Payroll tax is a tax on labour, but where the legal incidence falls on firms above the threshold. A number of authors have identified the small business exemption threshold as creating an incentive for businesses to be “inefficiently small”. One manifestation of this distortion should be that there are more firms just below the threshold than just above the threshold. Put differently, firms should bunch just below the threshold. Our work empirically tests this proposition.
Payroll taxes raise a large amount of money for the various state governments. In 2015‑16 this was around $22.7 billion or about 28 per cent of total taxation revenue for the states3. As such, from a practical perspective doing away with payroll tax is an unlikely option. The policy recommendation put forward by tax economists has been to minimise the distortion created by payroll tax by reducing the small business exemption threshold and by having a low tax rate.
Each of the states set their own payroll tax rates and thresholds. This provides a testing ground to see how the different thresholds affect firm decisions. Table 1 shows that Victoria has one of the lowest thresholds and one of the lowest payroll tax rates. This suggests that for Victoria we might expect to see less bunching when compared with the other states.
|State||Payroll tax rate (%)||Payroll tax threshold ($)|
|Australian Capital Territory||6.85||1,850,000|
|New South Wales||5.45||750,000|
Source: Various state governments.
Graphical analysis can introduce unwanted subjectivity, so formal statistical testing methods are used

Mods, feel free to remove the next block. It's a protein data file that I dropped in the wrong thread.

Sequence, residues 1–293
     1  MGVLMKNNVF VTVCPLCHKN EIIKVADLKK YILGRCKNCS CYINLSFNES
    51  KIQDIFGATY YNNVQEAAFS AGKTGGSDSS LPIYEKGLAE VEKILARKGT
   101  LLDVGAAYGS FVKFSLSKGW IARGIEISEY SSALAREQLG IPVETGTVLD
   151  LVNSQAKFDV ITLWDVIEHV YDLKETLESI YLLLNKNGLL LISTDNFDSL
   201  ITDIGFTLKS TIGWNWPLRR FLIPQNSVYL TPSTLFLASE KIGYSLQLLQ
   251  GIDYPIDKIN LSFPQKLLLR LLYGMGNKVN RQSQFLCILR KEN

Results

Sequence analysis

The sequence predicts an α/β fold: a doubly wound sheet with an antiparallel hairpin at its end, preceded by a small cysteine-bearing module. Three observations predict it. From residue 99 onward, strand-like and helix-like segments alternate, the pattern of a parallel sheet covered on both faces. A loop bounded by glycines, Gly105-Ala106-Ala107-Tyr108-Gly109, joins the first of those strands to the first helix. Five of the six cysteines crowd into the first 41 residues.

Formally, bunching is defined as a discontinuity in the probability density function of the variable of interest. Graphically, the concept is illustrated in Figures 1A and 1B. The Figures show variable (x) from zero to 100 along the horizontal axis. The threshold point is at 50 and is represented with a black line. The stylised result is shown as a blue line. In Figure 1A the blue line approaching 50 from the left and from the right is smooth so there is no bunching present. Conversely, in Figure 1B the blue line is not smooth and jumps as it approaches the threshold point and bunching is present.
Sometimes graphical analysis can introduce unwanted subjectivity due to the size of the bins used. To illustrate the effect that the size of the bins has on the results, Charts 2A and 2B have different bin sizes. Chart 2A shows the distribution of total wages of firms in Western Australia in 2013-14 for a selected range. The bins increase by $10,000. In 2013-14 the payroll tax threshold was $750,000. The two red bars represent firms just above and just below the threshold. There is a slight difference in height between these red bars, but it is difficult to state categorically whether the difference is large enough to claim that bunching has occurred.